bool MustStop { get; }
}
As you see it does not matter which type T is in the example. Because no matter which type T is it will always have a MustStop Property which does not care about the type of T. This leads me to believe that Something<T> actually needs a non-Generic base Interface to be able to check if Something<T> of whatever type must stop.
Such as this:
public interface Something<t> : Something
{
	void DoSomething(T item);
}
 
// I can always cast to Something without knowing the type of T!
public interface Something
{
	void DoSomething(Object item);
	bool MustStop { get; }
}
This creates new problems, such as Something only being usable on its own when it has a non-Generic DoSomething Method and the fact that I need a non-Generic base Interface for almost all my Generic Interfaces. Which really tends to clutter up code Smile | :)
 
I hope this further clarifies my problem. Any help is greatly appreciated Smile | :)
Posted 15-Oct-11 11:46am
Edited 15-Oct-11 23:50pm
v5
Comments
BillWoodruff at 15-Oct-11 21:09pm
   
I ... kind of ... get what you are asking here, and it's a fascinating question (which I just hi-fived), one I'd like to know the answer to as well. What would help me, in this case, would be a code example. thanks, Bill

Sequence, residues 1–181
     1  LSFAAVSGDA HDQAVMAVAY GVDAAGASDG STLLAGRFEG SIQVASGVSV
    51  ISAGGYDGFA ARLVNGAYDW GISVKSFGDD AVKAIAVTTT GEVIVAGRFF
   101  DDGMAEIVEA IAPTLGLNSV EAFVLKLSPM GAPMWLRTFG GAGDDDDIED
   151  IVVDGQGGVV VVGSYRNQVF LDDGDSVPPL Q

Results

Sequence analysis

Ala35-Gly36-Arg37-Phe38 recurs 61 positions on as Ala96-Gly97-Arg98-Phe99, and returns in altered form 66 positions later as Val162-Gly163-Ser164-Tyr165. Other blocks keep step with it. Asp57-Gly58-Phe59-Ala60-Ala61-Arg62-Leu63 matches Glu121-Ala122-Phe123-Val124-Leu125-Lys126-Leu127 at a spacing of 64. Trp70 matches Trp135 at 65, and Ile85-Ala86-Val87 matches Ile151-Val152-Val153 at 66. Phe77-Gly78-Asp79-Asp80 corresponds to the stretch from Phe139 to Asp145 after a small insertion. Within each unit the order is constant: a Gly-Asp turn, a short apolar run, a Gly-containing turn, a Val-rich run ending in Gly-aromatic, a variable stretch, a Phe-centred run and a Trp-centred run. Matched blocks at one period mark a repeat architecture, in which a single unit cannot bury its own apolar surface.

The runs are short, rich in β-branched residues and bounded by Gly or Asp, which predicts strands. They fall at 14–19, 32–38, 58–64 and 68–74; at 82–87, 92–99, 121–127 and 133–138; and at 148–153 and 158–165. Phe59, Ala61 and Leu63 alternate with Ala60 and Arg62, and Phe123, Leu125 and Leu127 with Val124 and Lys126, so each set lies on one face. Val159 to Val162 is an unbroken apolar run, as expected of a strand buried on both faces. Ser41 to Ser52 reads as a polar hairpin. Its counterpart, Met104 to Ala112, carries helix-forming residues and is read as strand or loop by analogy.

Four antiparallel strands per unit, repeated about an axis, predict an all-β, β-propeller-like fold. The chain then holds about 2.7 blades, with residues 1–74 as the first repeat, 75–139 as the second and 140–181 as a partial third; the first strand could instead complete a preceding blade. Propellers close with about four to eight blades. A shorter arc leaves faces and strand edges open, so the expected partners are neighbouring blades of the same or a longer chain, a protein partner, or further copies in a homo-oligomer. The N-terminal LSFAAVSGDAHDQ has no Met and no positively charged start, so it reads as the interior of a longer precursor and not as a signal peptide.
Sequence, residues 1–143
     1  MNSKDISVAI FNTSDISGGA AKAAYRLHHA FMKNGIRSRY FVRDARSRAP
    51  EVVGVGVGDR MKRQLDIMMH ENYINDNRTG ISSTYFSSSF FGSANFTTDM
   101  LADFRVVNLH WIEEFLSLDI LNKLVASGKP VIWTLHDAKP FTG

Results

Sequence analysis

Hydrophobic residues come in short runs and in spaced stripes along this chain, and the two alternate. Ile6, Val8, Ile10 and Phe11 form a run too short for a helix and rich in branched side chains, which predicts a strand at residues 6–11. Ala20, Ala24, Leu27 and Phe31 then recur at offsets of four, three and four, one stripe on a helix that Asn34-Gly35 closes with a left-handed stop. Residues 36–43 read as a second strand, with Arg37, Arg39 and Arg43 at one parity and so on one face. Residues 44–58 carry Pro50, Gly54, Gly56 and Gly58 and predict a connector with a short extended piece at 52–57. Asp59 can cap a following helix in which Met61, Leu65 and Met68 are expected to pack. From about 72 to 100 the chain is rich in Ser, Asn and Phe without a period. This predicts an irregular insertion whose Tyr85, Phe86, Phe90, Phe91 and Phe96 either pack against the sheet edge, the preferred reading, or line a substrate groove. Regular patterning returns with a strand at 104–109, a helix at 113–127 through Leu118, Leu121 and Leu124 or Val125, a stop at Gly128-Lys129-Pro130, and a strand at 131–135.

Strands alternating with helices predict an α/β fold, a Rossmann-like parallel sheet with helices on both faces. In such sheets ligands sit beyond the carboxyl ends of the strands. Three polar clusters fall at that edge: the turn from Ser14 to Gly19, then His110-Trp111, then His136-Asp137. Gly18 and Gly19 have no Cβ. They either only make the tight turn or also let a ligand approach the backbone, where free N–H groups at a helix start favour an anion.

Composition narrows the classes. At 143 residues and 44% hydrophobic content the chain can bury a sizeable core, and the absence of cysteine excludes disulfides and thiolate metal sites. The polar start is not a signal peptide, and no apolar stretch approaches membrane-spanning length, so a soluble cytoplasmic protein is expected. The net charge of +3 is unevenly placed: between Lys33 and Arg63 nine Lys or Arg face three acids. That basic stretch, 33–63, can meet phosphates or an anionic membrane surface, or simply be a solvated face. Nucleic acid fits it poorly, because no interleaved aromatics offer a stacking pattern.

SAKryukov at 15-Oct-11 21:55pm
   
Imagine that -- I've even given pretty comprehensive answer. Please see, hope it's interesting.
I'll also vote 5 for interesting question.
--SA
Naerling at 16-Oct-11 4:48am
   
Thanks for the hi-five! As a response to SAKryukovs fine answer I have actually edited my question in a way that you might too find interesting :)
SAKryukov at 15-Oct-11 21:56pm
   
My 5 for this interesting question, even though it is not 100% clear and not 100% correct. :-)
Hope my answer will give some ideas.
--SA
Naerling at 16-Oct-11 4:46am
   
Thanks for your once again great answer! It did give me some ideas as you can see in my edited question :)
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Solution 1

If the purpose of the casting is to use members of the derived class, you can use Type.MakeGenericType[^] method, in order to get the actual generic type and, invoke the wanted methods using reflection[^].
  Permalink  
v3
Comments
BillWoodruff at 15-Oct-11 21:15pm
   
Hi-five for this: absolutely fascinating. I hope one day to be able to understand such esoteric use of generics, but, today, I am very far from that goal:) !
Shmuel Zang at 16-Oct-11 16:53pm
   
Thanks.
SAKryukov at 15-Oct-11 22:04pm
   
Very good idea, even though it does not really answer the question (which is about a cast, which is different).
Anyway, such things is very good to know, I voted 5, but -- please see my answer.
--SA
Shmuel Zang at 16-Oct-11 17:19pm
   
Thanks.
Naerling at 16-Oct-11 3:54am
   
Thanks! I didn't know that one. May actually come in handy so my 5 :)
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Solution 2

Very interesting question, even though it is not quite correct.